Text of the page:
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Making the Philippines Better, One LGU at a Time

What led me to LED

I am a graduate of BS Medical Technology and worked in that capacity for more than 5 years.  My first love, however, is the field of communication.  I believe in the power of words (or images) to influence people, cause paradigm shifts, and ultimately change the world.  For this reason, I took advantage of the reduced schooling fees privilege for University of the Philippines employees.

Since my work in UP-Manila was full time, I enrolled at the University of the Philippines Open University Master of Development Communication online course.  There, my belief in the power of communication was further reinforced and I was given the tools and techniques on how to use communication for development – because the development process is a communication process.  After graduating, I yearned for a job where I could really put the theories into action.

Leaving the comfort zone

Now, being the Tourism and Investment and Promotion Officer of LGU-Bayawan City puts me a position where I could apply all the things I have learned to make a difference in my very own hometown.  The LED4LGUs course has really helped a lot in giving me the literature references that support the direction I’m taking for the office.  It has also given me the confidence to pursue all the programs and initiatives I have in my ‘to do’ list.

Having a development communication background has already exposed me to development not just in the economic perspective but also in the social, environmental, political, and spiritual aspect. Before I came back to Bayawan City, the LGU was already practicing some form of collaboration among the LGU, business sector, and civil society organizations.  Although the initiative was, and is still, backed by legislation, it remained an initiative of a few select people, both in the government and the private sector.  Not everyone has jumped in the bandwagon and forming collaborative partnerships was not mainstream.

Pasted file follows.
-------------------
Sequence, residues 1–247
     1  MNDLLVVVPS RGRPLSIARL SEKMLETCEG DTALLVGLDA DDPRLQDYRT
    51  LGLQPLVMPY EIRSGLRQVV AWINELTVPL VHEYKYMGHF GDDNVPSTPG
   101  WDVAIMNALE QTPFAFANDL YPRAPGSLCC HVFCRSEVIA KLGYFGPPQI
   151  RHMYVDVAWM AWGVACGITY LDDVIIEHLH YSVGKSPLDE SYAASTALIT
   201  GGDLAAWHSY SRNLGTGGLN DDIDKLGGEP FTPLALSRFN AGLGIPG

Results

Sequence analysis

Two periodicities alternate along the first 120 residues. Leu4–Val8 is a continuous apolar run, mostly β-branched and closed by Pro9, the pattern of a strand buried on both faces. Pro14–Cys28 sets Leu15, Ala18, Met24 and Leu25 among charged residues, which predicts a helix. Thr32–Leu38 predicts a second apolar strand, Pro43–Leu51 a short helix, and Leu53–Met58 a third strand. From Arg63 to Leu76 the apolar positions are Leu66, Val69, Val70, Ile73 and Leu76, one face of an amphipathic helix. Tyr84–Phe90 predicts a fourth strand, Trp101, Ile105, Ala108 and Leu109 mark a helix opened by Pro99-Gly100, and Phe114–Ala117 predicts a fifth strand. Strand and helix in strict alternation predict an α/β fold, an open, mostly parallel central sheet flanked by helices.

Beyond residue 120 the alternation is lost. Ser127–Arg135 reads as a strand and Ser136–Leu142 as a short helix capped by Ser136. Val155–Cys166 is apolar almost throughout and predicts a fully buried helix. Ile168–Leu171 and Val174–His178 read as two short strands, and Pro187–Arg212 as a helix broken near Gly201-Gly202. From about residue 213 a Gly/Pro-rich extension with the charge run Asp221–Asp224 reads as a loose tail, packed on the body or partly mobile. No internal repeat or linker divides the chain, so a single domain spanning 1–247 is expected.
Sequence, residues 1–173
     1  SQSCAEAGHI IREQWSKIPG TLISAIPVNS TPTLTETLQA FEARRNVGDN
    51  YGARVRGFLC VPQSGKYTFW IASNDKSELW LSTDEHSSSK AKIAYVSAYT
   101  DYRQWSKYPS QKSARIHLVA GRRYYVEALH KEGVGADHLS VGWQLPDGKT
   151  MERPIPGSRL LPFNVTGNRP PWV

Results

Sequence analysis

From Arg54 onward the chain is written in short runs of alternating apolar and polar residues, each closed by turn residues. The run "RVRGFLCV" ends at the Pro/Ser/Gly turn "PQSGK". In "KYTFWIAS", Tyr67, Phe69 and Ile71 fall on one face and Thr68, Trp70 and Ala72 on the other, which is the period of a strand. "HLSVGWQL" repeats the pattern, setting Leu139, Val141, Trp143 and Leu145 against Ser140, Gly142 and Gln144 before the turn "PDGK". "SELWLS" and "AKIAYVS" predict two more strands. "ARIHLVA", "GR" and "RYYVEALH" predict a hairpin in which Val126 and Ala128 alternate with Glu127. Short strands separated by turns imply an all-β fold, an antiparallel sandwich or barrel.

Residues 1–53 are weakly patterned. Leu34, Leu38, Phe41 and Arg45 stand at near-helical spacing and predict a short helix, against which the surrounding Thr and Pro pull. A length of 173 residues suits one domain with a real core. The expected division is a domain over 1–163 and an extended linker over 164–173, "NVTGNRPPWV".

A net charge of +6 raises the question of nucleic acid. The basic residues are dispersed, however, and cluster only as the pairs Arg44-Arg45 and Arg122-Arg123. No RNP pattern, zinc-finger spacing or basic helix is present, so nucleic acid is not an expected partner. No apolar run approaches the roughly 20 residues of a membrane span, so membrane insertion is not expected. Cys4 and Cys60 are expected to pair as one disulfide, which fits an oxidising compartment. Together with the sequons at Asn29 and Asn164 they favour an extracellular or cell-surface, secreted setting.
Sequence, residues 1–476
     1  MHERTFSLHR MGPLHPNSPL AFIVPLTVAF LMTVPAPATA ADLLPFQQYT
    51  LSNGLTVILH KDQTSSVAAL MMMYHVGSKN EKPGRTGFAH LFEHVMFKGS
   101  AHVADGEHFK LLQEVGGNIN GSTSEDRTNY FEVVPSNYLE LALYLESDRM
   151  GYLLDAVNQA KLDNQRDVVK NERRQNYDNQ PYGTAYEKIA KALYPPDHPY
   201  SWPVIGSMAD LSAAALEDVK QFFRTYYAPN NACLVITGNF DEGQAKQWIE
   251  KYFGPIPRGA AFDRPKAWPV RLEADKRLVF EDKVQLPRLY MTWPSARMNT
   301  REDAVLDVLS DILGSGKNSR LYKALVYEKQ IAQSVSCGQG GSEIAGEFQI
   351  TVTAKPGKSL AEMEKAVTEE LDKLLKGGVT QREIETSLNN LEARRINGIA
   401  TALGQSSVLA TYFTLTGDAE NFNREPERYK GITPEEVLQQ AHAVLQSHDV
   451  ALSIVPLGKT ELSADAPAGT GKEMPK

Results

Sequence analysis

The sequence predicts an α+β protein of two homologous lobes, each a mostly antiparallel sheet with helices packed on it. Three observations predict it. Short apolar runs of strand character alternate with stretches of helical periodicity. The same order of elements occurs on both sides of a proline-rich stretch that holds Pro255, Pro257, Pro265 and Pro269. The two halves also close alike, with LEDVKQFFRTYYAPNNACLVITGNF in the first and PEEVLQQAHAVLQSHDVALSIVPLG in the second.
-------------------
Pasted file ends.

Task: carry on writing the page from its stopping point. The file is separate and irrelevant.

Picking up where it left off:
Taking the governance challenge

Since I came in the LGU, I have witnessed that slowly, more key people are realizing that governance is a shared responsibility and that the LGU alone cannot achieve true local economic development without forming strong and meaningful partnerships with the business sector and civil society organizations.  This is brought in part by the LGUs enrollment in the Performance Governance System (PGS) by Institute of Solidarity in Asia where the city, through a series of multi-stakeholder workshops, has envisioned that “By 2020, Bayawan is the top agri-tourism city in the Phlippines.”  Strategic objectives and goals were formulated to come up with a roadmap that would serve as a guide for implementation.  Through PGS, we learned that the LGU should be the economic sparkplug and that champions are needed to turn the vision into reality with the ultimate goal of quality of life for all.  These are the exact principles being taught in the LED4LGUs course.

LED4LGUs brings the once unpopular notion of sustainable and inclusive development into the mainstream.  I am hoping that this will spur a drastic change in the way local governments approach the challenge in attaining LED.

“Bayawan is the top farm tourism city in the Philippines by 2020.”

This is the strategic vision of our city resulting from a series of multi-stakeholder workshops facilitated by the Institute for Solidarity in Asia.  This will serve as the economic driver that will propel our city toward local economic development, with the ultimate goal of quality of life for all.

The City of Bayawan is endowed with riches in many forms – vast land area, natural resources, diverse tourism attractions, deep-rooted values, and most of all, its people with their skills and talents.  Called by many names – Agricultural Capital of the Province, Rice Granary of the South, and Character City – the city has been a model for environmental best practices.  In recent years, Bayawan’s leaders and people have come to realize the beauty of the city, the vastness of its agricultural resources, and its potential to excel in the tourism industry.  There has also been a cognizance on the role tourism plays in the overall development program of the city.

The following are considered the competitive edge of the city, which led us to the formulation of the 5-year vision.

  1. A total of 69,908 hectares of land, of which 66% is agricultural with sugar cane, rice, and corn as primary crops.
  2. Emerging groups practicing organic agriculture and permaculture principles in farming.
  3. A center for environmental best practices due to the implementation of the integrated solid waste management program and waste water treatment facility.